May 2022 program update

Agriculture and Natural Resources

  • ISU Extension and Outreach has recently partnered with the University of Nebraska-Lincoln Dairy Extension and Alltech to develop a free, online dairy training program that is available in both English and Spanish. “The Bilingual Training and Education Program to Improve Practices That Affect Milk Quality” has been designed to help dairy farm employees better understand the how’s and why’s of handling and milking cows.
  • Farm operators need to drive defensively and remain alert every second they are on the road. Steven Freeman, professor in agricultural systems and bioengineering, offers important safety information for moving farm equipment on public roads. Additional information is available in the ISU Extension and Outreach publication “Safely Sharing the Road with Farm Vehicles.”
  • The Conservation Learning Group recently published “What to Expect: Establishing Prairie Vegetation on Your Farm,” an infographic for farmers and landowners about the process and benefits of creating perennial vegetation areas that aid in soil health and water quality improvement and offer habitat for a diversity of wildlife. A key message of this infographic is to encourage consultation with one of the many experts in Iowa who understand the process and timeline for prairie establishment.

Community and Economic Development

  • To better support diversity, equity, and inclusion needs from clients, CED has expanded its menu of options to include programs that will provide cultural competency education and coaching. For this effort CED has chosen the Intercultural Development Inventory, the world’s premier cross-cultural assessment program. The objectives of IDI are to help participants and organizations understand the importance of cultural competency; to assess participants’ levels of cultural competency and help them learn the skills needed to be able to be part of their own organization’s DEI goals in a confidential way; and assess the organization’s levels of cultural competency and determine how to set measurable goals for growth that will translate in higher efficiency and better communication. CED will facilitate an IDI group session for the Ottumwa Regional Legacy Foundation on May 19.
  • The 2022 Community Visioning Program completed community assessment work in April and local steering committees are reviewing the assessment data provided by the ISU research team. In May, assessment reviews were conducted in Dunlap and Logan.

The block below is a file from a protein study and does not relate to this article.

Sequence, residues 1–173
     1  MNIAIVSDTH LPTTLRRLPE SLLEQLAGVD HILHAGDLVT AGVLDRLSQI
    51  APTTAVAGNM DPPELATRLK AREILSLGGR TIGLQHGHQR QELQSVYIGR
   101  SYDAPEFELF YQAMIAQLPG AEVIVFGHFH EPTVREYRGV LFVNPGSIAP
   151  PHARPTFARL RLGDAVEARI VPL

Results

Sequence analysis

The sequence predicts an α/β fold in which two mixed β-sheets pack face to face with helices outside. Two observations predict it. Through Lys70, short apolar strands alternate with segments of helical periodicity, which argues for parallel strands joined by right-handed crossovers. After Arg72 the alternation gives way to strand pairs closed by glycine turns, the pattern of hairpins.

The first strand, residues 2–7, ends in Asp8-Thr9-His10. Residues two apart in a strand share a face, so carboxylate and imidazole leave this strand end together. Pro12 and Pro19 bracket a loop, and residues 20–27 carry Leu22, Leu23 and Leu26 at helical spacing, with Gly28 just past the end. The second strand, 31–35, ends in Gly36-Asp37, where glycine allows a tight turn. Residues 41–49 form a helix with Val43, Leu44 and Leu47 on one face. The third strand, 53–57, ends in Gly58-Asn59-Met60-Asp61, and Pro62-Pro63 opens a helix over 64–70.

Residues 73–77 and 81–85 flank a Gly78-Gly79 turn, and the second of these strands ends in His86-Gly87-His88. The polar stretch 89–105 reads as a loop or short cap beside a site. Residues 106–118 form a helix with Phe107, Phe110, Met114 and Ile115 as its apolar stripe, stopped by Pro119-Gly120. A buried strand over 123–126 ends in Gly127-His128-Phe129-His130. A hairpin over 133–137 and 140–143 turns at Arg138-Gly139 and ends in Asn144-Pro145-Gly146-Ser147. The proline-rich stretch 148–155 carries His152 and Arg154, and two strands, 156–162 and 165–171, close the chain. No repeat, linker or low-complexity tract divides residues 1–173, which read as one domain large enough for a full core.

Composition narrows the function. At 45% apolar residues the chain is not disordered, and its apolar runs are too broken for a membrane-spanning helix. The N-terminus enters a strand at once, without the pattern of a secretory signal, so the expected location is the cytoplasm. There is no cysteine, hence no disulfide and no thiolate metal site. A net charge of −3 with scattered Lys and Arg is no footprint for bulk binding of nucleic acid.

Human Sciences

  • During federal FY 2021, the Spend Smart. Eat Smart. mobile app had 2,510 active users and the website had 116,560 total users; 64% of website users are age 18-44 and 66% of website users identify as female. Most users access the website in English. However, 1,260 used the live translation feature, with most translations to Chinese and Spanish. Forty-two percent of users access the website via a mobile device.
  • Dr. Catheryn Hockaday led a four-day Strengthening Families Program: For Parents and Youth 10-14 facilitator training with South African National Council on Alcoholism and Drug Dependence board members and staff. Drs. Hockaday and Doug Coatsworth also presented to the South African Community Epidemiology Network on Drug Use about universal prevention programs that work with SFP 10-14 in South Africa.
  • The Family and Consumer Sciences Research Journal selected Dr. Suzanne Bartholomae as the 2021 recipient of the Best Paper in Personal Finance and Consumer Economics for her article, “Rural healthcare providers’ perceptions of patient financial well-being and integrating financial capability services.” She will be honored at the American Association of Family and Consumer Sciences Annual Conference June 25-27 in Orlando, Florida.

4-H Youth Development

  • For the past five years, people across Iowa have been collecting the tabs off their pop cans to raise funds for Ronald McDonald House and honor former 4-H member Jacy McAlexander, who passed away after a courageous battle with cancer in 2018. The 2021-22 State 4-H Council is continuing this statewide service effort, called Pop Tabs for Jacy. The goal is to collect 1,000 pounds of pop tabs or 10 pounds from each Iowa county extension district by the 2022 Iowa 4-H Youth Conference, June 28-30. Anyone wishing to donate pop tabs on Jacy’s behalf can drop them off at their ISU Extension and Outreach county office or deliver them to any of the three Ronald McDonald House locations in Iowa.